Chenoweth and Stephan compiled a list of 323 major nonviolent campaigns or violent conflicts from 1900 to 2006. The selection process they used is rife with problems. The examples of nonviolent campaigns were furnished by experts in nonviolence, all of whom are also proponents of nonviolence. They do not include nonviolent campaigns that never got off the ground, polite protest movements that withered away before they even got started.
They do, however, include movements that were not actually nonviolent, movements that drew much of their strength from major riots and armed wings, like the Civil Rights movement in the US, the anti-Apartheid movement in South Africa and the movement for independence in India.
Proponents of nonviolence, reflecting a privileged perspective, also tend to naturalize or invisibilize state violence. People arming themselves for self-defense is discouraged, but a military intervention or police protection is considered compatible with nonviolence. For example, the movement in East Timor is claimed as a victory for nonviolence, even though international “peacekeepers” had to be sent in to protect the protesters.
To select the examples of “violent” movements they intended to contrast against these supposedly, but not actually, peaceful movements, Chenoweth and Stephan made no effort to contact proponents of a diversity of methods in social movements. (There are very few proponents of “violence” per se, as it is an inaccurate dichotomy that seems only to exist in the minds of pacifists, as well as in the self-interested vocabularies of government spokespeople.) Instead, they replace the subjective criterion used to select members of the nonviolent group with an objective criterion for the violent group: in short, they take all armed conflicts with more than 1,000 combat deaths.
They are essentially comparing a whitewashed list of the greatest victories of nonviolence against a list of major wars. To say this is a case of apples and oranges is a severe understatement. What it is not is a comparison between social movements using different methods to achieve their goals, even though the study has been fraudulently paraded through the world’s media as just that.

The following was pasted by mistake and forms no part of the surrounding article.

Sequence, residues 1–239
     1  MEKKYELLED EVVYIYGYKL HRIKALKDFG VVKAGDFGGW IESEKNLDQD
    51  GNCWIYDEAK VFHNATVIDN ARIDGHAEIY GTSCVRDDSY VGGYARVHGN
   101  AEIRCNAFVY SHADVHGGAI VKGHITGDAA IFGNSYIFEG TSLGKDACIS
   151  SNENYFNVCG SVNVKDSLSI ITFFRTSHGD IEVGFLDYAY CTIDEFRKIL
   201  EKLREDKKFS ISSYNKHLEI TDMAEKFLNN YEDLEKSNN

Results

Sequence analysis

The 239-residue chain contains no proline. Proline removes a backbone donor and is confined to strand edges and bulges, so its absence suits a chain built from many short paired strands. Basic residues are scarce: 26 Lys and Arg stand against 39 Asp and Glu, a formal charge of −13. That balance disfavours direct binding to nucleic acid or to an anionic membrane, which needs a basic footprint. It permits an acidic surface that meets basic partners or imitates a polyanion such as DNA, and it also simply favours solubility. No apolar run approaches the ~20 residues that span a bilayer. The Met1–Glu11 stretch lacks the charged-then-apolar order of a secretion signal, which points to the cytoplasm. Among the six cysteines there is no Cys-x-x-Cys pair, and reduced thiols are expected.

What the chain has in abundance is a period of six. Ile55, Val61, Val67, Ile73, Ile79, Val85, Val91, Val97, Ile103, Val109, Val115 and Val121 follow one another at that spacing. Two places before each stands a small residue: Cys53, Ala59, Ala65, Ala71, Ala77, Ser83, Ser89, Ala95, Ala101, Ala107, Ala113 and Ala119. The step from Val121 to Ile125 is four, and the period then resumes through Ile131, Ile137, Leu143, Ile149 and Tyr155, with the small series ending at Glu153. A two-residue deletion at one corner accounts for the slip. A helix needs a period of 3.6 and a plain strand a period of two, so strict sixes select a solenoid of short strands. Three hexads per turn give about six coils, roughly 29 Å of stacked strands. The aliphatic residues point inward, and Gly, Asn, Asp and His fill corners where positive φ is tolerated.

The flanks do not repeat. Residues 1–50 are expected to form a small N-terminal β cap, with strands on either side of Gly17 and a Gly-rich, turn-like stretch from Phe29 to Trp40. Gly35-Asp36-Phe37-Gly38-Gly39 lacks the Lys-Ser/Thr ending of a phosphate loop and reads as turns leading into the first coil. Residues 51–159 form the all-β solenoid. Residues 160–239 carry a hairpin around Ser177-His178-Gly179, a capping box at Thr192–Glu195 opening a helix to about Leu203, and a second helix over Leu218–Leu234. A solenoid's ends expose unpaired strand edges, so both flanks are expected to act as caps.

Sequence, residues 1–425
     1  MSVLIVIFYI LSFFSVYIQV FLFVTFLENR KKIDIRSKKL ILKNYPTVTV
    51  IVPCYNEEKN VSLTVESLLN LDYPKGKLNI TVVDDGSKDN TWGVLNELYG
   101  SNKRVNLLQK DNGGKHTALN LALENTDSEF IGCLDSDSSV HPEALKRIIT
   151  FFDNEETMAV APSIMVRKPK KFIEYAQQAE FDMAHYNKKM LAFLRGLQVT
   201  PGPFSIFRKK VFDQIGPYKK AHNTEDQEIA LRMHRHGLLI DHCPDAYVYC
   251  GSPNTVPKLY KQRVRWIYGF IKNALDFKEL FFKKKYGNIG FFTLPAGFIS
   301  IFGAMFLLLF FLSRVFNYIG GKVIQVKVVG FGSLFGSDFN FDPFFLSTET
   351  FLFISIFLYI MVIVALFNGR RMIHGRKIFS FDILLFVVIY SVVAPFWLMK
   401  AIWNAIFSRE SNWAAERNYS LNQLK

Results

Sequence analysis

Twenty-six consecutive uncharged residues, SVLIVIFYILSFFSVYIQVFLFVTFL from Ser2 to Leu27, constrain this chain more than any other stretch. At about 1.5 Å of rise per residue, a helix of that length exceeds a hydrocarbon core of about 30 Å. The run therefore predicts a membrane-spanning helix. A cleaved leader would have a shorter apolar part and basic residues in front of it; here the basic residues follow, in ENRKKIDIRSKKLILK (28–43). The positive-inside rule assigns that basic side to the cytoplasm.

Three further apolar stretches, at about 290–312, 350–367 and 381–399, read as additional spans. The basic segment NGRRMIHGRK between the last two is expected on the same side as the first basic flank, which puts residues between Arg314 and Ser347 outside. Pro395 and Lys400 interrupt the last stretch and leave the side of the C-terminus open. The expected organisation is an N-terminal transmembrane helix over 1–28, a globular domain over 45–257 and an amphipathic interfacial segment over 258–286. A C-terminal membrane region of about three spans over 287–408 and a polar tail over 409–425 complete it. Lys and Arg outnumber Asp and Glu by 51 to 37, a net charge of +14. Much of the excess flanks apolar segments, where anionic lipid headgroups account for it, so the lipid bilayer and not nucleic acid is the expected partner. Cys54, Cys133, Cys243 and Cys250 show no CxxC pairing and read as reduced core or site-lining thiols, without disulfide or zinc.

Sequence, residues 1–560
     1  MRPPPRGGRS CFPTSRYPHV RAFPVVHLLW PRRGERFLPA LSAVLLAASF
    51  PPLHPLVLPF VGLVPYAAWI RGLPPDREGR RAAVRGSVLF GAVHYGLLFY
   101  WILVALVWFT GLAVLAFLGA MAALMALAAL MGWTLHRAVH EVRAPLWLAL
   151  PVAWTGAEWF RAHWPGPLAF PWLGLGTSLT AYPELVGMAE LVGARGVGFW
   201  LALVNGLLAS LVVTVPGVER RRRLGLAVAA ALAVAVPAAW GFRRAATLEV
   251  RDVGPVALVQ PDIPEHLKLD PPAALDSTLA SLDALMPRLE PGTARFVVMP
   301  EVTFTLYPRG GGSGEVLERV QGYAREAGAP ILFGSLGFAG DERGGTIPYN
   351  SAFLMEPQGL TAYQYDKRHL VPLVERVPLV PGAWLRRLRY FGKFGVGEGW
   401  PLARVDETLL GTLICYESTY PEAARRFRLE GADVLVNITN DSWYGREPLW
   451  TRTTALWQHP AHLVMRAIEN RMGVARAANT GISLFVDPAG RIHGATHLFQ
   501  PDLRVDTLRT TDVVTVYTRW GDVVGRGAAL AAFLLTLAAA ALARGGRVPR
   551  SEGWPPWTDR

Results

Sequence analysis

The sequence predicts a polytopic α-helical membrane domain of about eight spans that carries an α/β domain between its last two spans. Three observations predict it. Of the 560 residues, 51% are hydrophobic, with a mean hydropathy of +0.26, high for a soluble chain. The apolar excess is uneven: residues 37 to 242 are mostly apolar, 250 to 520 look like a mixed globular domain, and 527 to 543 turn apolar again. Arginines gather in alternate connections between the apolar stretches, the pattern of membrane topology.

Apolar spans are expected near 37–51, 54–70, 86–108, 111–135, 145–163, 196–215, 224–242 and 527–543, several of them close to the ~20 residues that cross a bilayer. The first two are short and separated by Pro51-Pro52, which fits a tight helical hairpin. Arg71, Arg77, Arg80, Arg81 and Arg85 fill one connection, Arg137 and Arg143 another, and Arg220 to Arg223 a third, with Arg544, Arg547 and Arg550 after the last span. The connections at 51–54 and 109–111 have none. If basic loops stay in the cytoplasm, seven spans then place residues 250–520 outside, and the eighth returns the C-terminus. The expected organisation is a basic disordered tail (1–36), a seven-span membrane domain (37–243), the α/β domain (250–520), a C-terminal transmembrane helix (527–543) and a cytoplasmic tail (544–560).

Subsequently, they run their skewed collection of samples through a meaningless evaluation, asking, were these movements “successful,” “partially successful,” or “failed.” They do not define “success” or “failure” and they also evince a belief that social movements tend to have consensus around what their goals are. Pretty much everyone who has ever participated in a social movement knows this is not the case.
Incidentally, Stephan and Chenoweth are not social movement participants, they are highly remunerated academics, and Stephan worked for the US Defense Department — also connected to Gene Sharp’s work on nonviolence — and NATO.
It is safe to assume that the goals they rate as belonging to the entire movement represent the most superficial, reformist sectors of those movements. For example, they rate the “Color Revolutions” of Ukraine, Lebanon, Georgia and Serbia as successes. These movements were spurred by a diverse mix of issues relating to quality of life as well as political expression, with government corruption and worsening economic conditions being frequently cited complaints. They succeeded in toppling the governments in power at the time, though in every case, poor economic conditions persisted and many of the new governments were plagued by corruption scandals and low approval ratings within a year or two of assuming power. Incidentally, all the major Color Revolutions occurred in countries that were close to Moscow, and they brought in governments closer to the EU and Washington. So really, these superficial revolutions were only successful for the NATO bloc and the politicians who rode their coattails to power.
Though the way the statistics are produced effectively renders them meaningless, Stephan and Chenoweth engage in a number of manipulations when presenting their work so as to encourage nonviolent conclusions even when their own data do not support them. They tend to focus on detailed explanations of their hypotheses and pseudo-logical arguments for why their hypotheses must be correct.
For example, they cite psychological studies on individual decision-making, with the unspoken assumption that complex social conflicts between institutions and heterogeneous populations will follow the same patterns. They provide no evidence for key arguments like “the public is more likely to support a nonviolent campaign” nor do they interrogate the figure of “the public.” They also make convenient use of non sequiturs, as in the following paragraph: